A growing web of principles, standards and non-financial reporting guidelines – such as the OECD Guidelines for Multinational Enterprises, the OECD Anti-Bribery Convention, the UN Guiding Principles on Business and Human Rights, the French due diligence law and the UK Modern Slavery Act – set out norms of corporate responsibility. The United States’ Foreign Corrupt Practices Act (FCPA) has for the past two decades been a significant source of corporate and individual liability. The FCPA has created change in business conduct through establishing expectations of corporate due diligence processes and compliance programmes, in addition to imposing liability through enforcement actions. Developments in legislation addressing business and human rights will most likely lead to higher scrutiny of the broader compliance and risk-management strategy of companies.

Taking a holistic approach to implementing respect for human rights and addressing corruption together makes more sense in today’s business environment. Those who take on this more proactive approach will be well positioned to meet new and future regulatory requirements, even if it means going beyond the requirements of current legal frameworks. This might require enhanced collaboration and coordination between business units, in-house teams and functions, including corporate responsibility, procurement, business development and legal, in addition to senior leadership, but breaking down these silos will lead to more sustainable business practice in the long term.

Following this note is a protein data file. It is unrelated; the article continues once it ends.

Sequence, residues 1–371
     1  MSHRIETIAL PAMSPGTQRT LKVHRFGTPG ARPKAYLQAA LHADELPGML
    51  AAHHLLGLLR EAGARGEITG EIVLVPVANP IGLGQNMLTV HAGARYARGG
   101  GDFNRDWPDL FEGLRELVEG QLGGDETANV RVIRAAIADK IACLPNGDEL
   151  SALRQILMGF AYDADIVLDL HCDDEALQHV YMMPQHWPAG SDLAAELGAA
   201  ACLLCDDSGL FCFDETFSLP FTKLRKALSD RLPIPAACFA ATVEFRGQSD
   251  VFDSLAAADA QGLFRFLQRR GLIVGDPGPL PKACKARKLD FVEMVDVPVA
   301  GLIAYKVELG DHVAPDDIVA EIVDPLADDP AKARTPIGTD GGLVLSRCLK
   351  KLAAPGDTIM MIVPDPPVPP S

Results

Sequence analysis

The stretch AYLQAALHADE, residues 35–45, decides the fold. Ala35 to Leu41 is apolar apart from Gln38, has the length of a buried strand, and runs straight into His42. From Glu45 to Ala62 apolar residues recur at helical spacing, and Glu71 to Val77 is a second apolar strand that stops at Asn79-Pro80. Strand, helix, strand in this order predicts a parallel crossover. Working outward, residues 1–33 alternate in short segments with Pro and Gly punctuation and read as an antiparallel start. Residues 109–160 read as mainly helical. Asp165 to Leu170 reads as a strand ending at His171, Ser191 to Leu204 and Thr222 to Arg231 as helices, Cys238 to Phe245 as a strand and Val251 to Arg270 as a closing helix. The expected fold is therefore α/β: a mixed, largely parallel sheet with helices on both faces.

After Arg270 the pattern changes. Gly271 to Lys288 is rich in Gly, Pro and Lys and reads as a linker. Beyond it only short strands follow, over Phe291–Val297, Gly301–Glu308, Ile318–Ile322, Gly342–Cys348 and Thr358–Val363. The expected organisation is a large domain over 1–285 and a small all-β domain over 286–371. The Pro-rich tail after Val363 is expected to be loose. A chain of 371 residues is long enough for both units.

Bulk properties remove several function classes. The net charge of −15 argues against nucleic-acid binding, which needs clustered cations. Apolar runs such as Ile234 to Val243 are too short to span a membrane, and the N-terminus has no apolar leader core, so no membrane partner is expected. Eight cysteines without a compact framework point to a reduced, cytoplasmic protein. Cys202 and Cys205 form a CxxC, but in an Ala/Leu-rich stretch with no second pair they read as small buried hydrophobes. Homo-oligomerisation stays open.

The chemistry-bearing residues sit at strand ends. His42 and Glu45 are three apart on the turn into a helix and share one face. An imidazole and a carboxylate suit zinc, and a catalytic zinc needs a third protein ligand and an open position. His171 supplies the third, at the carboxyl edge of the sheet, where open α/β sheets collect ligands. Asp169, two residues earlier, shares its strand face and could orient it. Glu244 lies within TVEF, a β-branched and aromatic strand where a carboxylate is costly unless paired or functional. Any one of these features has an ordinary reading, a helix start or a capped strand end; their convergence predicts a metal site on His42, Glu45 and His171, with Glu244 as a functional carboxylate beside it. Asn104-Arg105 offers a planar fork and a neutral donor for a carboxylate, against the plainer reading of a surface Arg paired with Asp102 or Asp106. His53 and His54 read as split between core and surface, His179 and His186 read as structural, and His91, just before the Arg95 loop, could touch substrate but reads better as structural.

Integrating corruption and human rights risk

Corruption and human rights violations, as seen in the case of cobalt mining in the DRC, are manifestations of many of the same root causes and are often produced by the same conditions in terms of weak institutions, poverty and low levels of development, among other factors, and the risks are mutually reinforcing. Empirical evidence shows that countries with high levels of corruption also often have poor human rights records. Corruption has a negative impact on human rights, and businesses’ responsibility to address potential adverse impacts on human rights requires actively combating corruption. Companies need to think differently about the way they address corruption and human rights in their business operations. Addressing bribes does not completely address the negative impacts of corruption. Corruption creates negative impacts in operating environments that go beyond mere bribes, which businesses need to comprehend and explore ways to deal with.

An infographic outlining the basics of ESG.

An infographic outlining the basics of ESG. Image: Fernando Arias